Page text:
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#110
Vayra86
Shatun_Bear, post: 4128394, member: 166032"
Oh gee wow, really? Thanks for your great insight and this amazing revelation, I've never heard it before...

This topic is about Intel's HEDT. I've got a simple simon revelation for you now: HEDT means HIGH END DESKTOP, I couldn't care less how many dual-core mobile laptops Intel sells to insurance businesses, in the HEDT space, Intel is screwed so please try to come to terms with it.
You're way overinflating things. Chill out. As much as Intel has a problem today for a prospective buyer of an HEDT system, most people are still sitting on an Intel rig with little urge to upgrade. When they do, they will likely consider Ryzen or TR. Its a slow crawl to get more market share though. As much as Intel doesn't have the top offering, they still have the largest market share by far, and it will take many years for that to change. Many years in which 'Intel is NOT screwed', they can get by just fine. Many years in which they have time to find something to counter AMD.

Get it now?
Posted on Reply
#111
efikkan
Valantar, post: 4128485, member: 171585"
That is true, but I don't think it's likely for Intel to make two separate XCC dice, so the only option then would be to use a version with at least half the memory controllers and a heap of PCIe disabled for HEDT. It is possible (that's what AMD has been doing, after all) but I think quite unlikely. That would entail quite the loss of profits compared to selling the same silicon as fully enabled LGA4198.
As you know, for Skylake-SP/X and Cascade Lake-SP/X intel makes three dies; LCC(10 core), HCC (18 core) and XCC(28 core), all of which have 6 memory controllers. From these they make the Xeon scalable platform(Skylake-SP and Cascade Lake-SP) called Bronze, Silver, Gold and Platinum, which support various multi-socket configurations. For the HEDT/workstation market they have three partially overlapping platforms; X299, C422(LGA2066) and C621(LGA3647), but only X299 have a decent motherboard selection.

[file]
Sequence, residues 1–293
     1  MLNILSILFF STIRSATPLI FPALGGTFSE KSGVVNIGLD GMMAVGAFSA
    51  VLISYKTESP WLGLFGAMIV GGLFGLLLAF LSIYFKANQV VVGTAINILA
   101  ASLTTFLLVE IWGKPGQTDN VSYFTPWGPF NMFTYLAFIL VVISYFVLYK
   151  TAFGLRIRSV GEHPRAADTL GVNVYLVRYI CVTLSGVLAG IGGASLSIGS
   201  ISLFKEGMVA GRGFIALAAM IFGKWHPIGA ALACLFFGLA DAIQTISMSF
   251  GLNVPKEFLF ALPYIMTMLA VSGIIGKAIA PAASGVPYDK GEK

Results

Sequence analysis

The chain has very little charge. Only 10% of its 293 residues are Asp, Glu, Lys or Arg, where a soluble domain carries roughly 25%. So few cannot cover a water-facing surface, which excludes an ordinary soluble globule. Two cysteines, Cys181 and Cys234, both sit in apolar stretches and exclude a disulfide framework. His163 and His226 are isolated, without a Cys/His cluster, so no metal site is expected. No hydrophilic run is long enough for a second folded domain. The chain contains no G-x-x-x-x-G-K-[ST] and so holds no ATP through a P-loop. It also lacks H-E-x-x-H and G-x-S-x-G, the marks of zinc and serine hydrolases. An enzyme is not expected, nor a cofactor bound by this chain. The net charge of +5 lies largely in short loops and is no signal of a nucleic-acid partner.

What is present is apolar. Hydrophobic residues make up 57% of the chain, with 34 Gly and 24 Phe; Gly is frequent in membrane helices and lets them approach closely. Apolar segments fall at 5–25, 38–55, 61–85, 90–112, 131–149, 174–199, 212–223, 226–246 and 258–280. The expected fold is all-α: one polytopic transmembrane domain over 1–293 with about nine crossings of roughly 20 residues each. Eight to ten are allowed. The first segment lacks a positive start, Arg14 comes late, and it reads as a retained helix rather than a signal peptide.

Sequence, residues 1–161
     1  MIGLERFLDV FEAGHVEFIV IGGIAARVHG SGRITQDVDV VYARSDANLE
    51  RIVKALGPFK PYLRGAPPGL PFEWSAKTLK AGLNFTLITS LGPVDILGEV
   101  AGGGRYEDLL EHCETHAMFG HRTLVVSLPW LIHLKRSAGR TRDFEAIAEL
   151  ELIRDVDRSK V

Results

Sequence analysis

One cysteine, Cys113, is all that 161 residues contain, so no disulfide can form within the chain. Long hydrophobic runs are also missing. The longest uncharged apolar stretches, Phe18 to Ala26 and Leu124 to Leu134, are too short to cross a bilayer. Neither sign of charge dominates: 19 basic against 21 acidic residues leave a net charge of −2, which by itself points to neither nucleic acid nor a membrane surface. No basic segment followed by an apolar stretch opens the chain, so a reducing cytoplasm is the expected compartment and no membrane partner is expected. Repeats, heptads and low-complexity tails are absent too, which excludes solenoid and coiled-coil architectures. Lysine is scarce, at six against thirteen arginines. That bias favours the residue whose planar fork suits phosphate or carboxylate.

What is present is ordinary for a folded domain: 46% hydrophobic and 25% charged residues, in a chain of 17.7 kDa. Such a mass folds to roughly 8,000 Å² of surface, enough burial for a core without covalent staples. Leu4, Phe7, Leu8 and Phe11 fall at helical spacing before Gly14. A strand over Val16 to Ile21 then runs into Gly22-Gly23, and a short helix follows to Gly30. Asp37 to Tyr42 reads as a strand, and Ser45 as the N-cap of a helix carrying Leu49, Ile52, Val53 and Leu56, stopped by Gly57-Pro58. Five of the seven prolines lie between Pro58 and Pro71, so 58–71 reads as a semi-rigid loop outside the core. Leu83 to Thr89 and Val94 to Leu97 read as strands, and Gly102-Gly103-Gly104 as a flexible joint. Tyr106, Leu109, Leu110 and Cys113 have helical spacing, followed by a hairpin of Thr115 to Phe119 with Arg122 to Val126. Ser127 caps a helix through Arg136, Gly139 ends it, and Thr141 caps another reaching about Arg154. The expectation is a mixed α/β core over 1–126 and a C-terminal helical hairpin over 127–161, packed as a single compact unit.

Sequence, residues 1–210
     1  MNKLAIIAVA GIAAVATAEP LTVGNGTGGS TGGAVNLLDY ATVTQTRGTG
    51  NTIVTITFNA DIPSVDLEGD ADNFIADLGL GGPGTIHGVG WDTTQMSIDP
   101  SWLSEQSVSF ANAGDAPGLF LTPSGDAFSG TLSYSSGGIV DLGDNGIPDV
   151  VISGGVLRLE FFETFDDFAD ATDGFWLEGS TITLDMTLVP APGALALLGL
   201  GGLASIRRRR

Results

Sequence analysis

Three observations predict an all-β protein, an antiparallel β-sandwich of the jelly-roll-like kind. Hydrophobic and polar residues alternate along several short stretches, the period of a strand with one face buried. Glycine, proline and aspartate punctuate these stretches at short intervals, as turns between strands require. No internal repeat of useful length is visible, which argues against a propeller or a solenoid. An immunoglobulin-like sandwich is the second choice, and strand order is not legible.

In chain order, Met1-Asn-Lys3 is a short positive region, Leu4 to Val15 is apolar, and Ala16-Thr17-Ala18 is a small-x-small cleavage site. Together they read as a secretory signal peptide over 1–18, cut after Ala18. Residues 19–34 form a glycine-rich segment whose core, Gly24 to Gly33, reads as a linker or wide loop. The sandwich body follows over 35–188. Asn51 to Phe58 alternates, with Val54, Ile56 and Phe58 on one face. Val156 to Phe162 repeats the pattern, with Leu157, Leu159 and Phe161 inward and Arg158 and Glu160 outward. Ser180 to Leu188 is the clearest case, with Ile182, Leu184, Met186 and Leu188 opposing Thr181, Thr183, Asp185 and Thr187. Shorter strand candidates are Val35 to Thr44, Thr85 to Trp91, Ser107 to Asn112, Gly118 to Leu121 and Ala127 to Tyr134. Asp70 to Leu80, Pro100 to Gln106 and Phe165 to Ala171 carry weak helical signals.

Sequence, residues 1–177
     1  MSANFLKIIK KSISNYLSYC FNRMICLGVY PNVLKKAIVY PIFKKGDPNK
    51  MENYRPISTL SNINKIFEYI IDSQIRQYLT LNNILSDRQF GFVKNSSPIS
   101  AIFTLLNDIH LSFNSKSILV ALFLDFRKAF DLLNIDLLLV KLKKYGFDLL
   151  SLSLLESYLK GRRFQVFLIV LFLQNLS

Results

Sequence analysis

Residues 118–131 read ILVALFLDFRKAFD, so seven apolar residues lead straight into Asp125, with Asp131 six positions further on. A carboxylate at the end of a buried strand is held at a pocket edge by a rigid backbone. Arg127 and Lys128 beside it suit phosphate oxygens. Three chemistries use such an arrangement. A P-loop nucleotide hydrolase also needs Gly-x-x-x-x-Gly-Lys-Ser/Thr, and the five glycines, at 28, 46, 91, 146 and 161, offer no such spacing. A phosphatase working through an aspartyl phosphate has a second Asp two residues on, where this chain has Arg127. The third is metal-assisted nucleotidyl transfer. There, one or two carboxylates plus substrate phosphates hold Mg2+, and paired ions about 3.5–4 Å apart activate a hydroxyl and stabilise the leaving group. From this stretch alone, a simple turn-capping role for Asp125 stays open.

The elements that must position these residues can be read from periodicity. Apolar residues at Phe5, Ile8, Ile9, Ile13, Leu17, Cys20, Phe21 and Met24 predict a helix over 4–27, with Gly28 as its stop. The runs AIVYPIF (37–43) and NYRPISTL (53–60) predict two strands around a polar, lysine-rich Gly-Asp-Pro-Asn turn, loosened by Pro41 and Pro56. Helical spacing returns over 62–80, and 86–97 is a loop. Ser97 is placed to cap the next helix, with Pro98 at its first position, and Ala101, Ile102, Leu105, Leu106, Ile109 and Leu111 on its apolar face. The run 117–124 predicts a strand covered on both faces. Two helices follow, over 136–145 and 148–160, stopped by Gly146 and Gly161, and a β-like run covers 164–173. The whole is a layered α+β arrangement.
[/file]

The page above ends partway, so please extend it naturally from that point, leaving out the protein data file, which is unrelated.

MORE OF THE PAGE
There is no reason why a HEDT CPU with all memory controllers would compete with Xeon SP. HEDT is optimized for maximum performance and use "normal" ATX style motherboards, while Xeon SP is energy efficiency optimized and usually run on other motherboard form factors suitable for server racks.

I would prefer if Intel made one HEDT/workstation lineup like AMD does today, and enabled as many memory channels and PCIe lanes as possible. If they really have to sell some CPUs without all memory channels or ECC for yield issues, then they can sell these as cheaper CPUs on the same platform.
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#112
Patriot
Valantar, post: 4128374, member: 171585"
Intel can't go beyond 18 cores in socket 2011 - there isn't room for a bigger die in that package.

This is the 9980XE, which uses the 18-core HCC die. It is slightly below 500mm2 (around 21.6x22x4mm).
This is the Xeon W-3175X, which uses the 28-core XCC die. It is nearly 700mm2, at 21.6x32.3mm. There is no way that die can fit onto a Socket 2011 substrate - it's simply too large.
Which is why the 28-core is on socket LGA3647. Fitting that die onto a smaller substrate would not only require disabling a significant amount of I/O (due to loss of pins) but also redesigning the IHS and socket retention mechanism entirely. Not something Intel is likely to do.

They might be able to squeeze more cores in on 10nm, but that isn't arriving for chips this size any time soon. Yields would be utter garbage.
I didn't say they were going to put more cores on 2066, btw 2011-3 had 22 cores...
I said Intel plans to replace the 3175X either bringing i9 to 3647 or making another high binned Xeon-W
Guessing they will be using some of the dies they binned for cooperlake to try and stave off Threadripper 3000 total domination at a more reasonable TDP.

But in the June cascade lake refresh they did not release a 3175x replacement.
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#113
efikkan
This information about Tiger Lake have apparently been in circulation for a while but have completely escaped me. So at least they are preparing the graphics driver for potential desktop parts, without any guarantee of when or if they will actually release. Intel have stated that Ice Lake-SP will ship in Q2 2020, so hopefully we can see desktop and HEDT parts later in 2020 too.
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#114
notb
Shatun_Bear, post: 4128394, member: 166032"
This topic is about Intel's HEDT. I've got a simple simon revelation for you now: HEDT means HIGH END DESKTOP, I couldn't care less how many dual-core mobile laptops Intel sells to insurance businesses, in the HEDT space, Intel is screwed so please try to come to terms with it.